Academic journal article Issues in Informing Science & Information Technology

Should the "CLOUD" Be Regulated? an Assessment

Academic journal article Issues in Informing Science & Information Technology

Should the "CLOUD" Be Regulated? an Assessment

Article excerpt


The evolution of IT infrastructure and services has been described as one that has moved from mainframes, to PCs to Client Server to Enterprise Internet; and finally it is moving towards the ultimate outsourcing solution: the cloud computing (Laudon & Laudon, 2009). "Cloud computing" is the term given to computing based on sharing computing hardware and software resources; and as such it is based on years of research in virtualization, distributed computing, and more recently networking, web and software services (Vouk, 2004). Cloud computing is about to usher in the era of on-demand computing products and services to all who have access to the Internet.

Rosenberg and Mateos (2010) argue that with very few notable exceptions there are five main principles behind cloud computing. These principles are:

* Pooled computing resources available to any subscribing user (availability);

* Virtualized computing resources to maximize hardware utilization (high utilization);

* Elastic scaling up or down according to need (dynamic scale without Capital Expenditure or CAPEX);

* Automated creation of new virtual machines or deletion of existing ones (build, deploy, configure, provide, and move, all without manual intervention);

* Resource usage billed as used (per-usage business model).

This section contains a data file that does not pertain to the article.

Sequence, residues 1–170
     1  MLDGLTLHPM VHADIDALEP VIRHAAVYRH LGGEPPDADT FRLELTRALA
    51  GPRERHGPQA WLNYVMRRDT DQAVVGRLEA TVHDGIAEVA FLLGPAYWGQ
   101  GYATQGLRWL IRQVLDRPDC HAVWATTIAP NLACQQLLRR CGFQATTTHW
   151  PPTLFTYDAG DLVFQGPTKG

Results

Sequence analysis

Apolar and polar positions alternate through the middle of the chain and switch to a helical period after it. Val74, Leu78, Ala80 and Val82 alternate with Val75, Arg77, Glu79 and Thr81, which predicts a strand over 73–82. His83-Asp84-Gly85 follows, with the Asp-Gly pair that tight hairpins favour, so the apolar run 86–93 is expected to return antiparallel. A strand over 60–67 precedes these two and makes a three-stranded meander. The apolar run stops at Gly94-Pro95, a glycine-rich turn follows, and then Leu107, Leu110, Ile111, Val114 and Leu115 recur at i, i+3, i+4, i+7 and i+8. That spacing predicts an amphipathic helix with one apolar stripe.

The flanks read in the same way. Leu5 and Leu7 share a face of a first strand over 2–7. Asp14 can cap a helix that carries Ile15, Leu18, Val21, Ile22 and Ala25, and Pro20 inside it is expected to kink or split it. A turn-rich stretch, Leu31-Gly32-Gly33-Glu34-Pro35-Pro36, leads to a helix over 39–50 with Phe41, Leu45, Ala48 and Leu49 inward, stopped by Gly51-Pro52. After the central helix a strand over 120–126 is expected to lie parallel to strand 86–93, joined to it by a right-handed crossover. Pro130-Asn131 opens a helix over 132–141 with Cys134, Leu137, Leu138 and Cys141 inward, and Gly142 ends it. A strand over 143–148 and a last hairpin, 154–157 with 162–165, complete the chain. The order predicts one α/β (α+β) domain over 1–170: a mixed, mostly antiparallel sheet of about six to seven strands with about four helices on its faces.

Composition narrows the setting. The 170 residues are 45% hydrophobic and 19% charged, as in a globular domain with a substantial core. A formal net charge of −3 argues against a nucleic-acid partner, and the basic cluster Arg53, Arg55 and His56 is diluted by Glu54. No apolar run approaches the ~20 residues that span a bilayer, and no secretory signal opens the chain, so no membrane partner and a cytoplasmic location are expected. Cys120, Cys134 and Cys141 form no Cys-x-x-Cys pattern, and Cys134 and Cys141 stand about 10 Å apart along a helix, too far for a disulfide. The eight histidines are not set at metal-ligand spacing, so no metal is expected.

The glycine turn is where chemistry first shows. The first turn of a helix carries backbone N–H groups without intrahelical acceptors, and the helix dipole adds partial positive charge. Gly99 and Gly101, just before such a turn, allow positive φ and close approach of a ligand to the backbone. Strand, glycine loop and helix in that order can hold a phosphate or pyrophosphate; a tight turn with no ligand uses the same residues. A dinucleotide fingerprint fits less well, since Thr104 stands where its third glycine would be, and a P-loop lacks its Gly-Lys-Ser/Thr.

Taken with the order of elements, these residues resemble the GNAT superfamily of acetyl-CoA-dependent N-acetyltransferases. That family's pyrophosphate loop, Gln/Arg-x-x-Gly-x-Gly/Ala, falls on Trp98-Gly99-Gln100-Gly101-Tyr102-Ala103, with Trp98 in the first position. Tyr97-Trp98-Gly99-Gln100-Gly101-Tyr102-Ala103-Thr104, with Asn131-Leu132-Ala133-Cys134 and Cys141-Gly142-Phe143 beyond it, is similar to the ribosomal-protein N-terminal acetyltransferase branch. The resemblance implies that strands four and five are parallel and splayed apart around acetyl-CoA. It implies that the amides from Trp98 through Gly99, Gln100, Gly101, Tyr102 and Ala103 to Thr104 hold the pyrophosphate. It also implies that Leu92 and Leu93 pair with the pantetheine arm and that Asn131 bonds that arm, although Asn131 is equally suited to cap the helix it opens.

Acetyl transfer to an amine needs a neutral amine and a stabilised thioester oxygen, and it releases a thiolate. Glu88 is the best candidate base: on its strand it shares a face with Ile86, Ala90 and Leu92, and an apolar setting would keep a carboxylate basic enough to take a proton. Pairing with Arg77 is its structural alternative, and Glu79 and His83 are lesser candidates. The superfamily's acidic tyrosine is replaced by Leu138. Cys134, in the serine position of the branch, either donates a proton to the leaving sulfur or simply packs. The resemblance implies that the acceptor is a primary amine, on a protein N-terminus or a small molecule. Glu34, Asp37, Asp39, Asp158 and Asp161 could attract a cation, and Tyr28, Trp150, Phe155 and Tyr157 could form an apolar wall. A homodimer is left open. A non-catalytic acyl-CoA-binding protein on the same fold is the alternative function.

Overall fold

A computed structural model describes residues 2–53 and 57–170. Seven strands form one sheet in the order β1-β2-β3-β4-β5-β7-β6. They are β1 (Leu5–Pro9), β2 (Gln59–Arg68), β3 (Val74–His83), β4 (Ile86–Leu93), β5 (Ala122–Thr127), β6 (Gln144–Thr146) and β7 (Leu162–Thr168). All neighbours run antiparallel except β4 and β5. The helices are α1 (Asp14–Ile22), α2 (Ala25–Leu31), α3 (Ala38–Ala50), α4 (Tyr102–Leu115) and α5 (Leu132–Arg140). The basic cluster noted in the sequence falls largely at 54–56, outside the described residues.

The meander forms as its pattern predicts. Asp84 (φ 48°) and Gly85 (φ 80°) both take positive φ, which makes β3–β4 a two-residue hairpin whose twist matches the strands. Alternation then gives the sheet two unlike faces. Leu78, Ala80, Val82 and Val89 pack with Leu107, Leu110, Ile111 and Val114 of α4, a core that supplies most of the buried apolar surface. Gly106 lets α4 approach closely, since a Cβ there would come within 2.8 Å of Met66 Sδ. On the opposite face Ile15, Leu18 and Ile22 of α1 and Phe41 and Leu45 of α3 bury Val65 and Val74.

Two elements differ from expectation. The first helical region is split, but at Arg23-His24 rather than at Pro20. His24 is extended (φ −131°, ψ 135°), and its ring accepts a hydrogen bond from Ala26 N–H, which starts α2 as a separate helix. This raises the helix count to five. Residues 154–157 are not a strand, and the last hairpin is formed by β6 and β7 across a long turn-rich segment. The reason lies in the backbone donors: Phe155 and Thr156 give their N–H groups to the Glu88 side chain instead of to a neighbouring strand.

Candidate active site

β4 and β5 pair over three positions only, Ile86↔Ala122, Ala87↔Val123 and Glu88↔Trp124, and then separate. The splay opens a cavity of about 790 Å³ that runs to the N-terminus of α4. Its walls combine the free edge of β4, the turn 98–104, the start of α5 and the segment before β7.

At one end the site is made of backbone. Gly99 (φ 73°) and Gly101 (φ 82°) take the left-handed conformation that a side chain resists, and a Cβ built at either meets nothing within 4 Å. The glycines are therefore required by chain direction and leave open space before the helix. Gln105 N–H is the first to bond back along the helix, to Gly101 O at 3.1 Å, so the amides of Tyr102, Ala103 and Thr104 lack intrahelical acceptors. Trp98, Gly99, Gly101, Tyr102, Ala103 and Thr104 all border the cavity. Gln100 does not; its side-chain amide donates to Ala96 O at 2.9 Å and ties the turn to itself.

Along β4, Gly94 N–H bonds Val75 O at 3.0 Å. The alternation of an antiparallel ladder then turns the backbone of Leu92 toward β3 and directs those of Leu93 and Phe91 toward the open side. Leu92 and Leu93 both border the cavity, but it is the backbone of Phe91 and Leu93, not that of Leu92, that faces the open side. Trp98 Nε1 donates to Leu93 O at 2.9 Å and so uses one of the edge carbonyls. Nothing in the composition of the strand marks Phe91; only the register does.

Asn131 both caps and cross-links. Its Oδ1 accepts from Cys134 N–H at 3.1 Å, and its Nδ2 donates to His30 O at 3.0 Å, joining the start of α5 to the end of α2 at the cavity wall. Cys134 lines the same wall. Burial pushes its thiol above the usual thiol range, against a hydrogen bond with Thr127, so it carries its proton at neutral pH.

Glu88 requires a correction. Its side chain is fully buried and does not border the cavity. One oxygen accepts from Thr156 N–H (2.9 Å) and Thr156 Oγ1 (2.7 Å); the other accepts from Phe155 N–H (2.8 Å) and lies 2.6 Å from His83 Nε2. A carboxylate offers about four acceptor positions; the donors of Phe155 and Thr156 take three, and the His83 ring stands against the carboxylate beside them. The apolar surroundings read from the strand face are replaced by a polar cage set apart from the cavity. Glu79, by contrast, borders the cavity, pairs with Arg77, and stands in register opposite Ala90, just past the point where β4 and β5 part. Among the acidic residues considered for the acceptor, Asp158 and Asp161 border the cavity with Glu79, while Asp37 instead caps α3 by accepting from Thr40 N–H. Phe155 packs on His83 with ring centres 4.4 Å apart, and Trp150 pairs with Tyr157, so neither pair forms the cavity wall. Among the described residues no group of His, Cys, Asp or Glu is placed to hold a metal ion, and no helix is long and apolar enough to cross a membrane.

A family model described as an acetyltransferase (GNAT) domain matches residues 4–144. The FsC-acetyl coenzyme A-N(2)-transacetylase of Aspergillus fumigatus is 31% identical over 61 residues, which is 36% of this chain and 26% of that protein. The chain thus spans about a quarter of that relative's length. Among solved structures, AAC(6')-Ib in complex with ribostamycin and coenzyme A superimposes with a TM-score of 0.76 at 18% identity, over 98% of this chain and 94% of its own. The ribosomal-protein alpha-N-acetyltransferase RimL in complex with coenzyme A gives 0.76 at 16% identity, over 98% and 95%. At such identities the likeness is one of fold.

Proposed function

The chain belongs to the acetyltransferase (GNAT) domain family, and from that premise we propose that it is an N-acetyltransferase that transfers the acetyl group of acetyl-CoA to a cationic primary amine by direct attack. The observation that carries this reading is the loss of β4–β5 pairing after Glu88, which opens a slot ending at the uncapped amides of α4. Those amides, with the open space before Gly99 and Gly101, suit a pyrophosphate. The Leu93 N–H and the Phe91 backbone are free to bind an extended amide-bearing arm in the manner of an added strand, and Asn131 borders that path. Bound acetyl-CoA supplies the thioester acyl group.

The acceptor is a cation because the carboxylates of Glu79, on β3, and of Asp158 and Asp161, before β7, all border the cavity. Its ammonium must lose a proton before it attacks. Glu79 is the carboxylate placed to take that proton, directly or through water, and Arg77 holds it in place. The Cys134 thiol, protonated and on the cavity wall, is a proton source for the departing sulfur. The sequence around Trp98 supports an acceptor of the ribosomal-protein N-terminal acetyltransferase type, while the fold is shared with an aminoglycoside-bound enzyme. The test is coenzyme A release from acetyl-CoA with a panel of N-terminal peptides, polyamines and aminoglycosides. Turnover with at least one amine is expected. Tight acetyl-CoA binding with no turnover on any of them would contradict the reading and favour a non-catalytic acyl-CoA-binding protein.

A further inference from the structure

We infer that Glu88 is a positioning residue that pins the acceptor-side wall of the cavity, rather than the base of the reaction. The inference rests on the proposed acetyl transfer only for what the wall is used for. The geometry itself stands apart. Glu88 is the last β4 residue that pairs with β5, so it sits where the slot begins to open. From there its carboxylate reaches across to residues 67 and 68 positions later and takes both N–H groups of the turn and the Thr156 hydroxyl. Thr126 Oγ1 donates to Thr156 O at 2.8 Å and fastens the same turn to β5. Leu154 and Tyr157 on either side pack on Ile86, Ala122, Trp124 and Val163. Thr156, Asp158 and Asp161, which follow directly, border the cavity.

The first principle, pooled computing, refers to any internal or external pooled non-dedicated computing assets available to any subscribing user. The second principle, the virtualization of computing resources, allows the high utilization of pooled resources. This is especially important when one considers the cost and the number of servers involved. High utilization is vital in managing costs.

The third principle offers elasticity or dynamic scalability--meaning that resources become available as needed, a kind of just-in-time system where resources are provided according to the need of the customer/user. This in turn requires a dynamic creation/deletion of virtual machines (the fourth principle). As the need for resources rise, the instances of virtual machines/applications are made available and as the needs ebb, those instances are deleted; which brings us to the fifth and the final principle: the billing. Since the resources are made available and used according to the customers' needs, the billing has to reflect the resources consumed; hence the metering model.

One of the main attractions of cloud computing for businesses is of course the attraction of marked reduction in expenditure on infrastructure (conversion of capital expenditure or CAPEX to operational expenditure or OPEX). However, outsourcing of IT infrastructure is only one layer, upon which other layers reside; each of which present other cost saving advantages, not to mention the flexibility and agility that they provide. Here we can list the layers (Weinhardt et al., 2011) as the user applications (Software as a Service or SaaS), the developer (Platform as a Service or PaaS), and of course the above mentioned IT infrastructure (Infrastructure as a Service or IaaS). The cloud encompasses all these layers, making it one of the ultimate outsourcing systems for all of the users' computing infrastructure and services.

As can be expected, the cloud computing is an exceptionally attractive proposition for all types of users, especially businesses, large organizations and even local and national governments, not to mention the ordinary users (who incidentally are already using the cloud, for example, for emails, sharing photos and documents). The promise of access to 'seemingly' unlimited resources is simply too attractive to ignore. Indeed, this promise is so alluring that some already are calling the cloud computing the 5th utility (Buyya et al., 2009) (after water, gas, electricity, and telephony).

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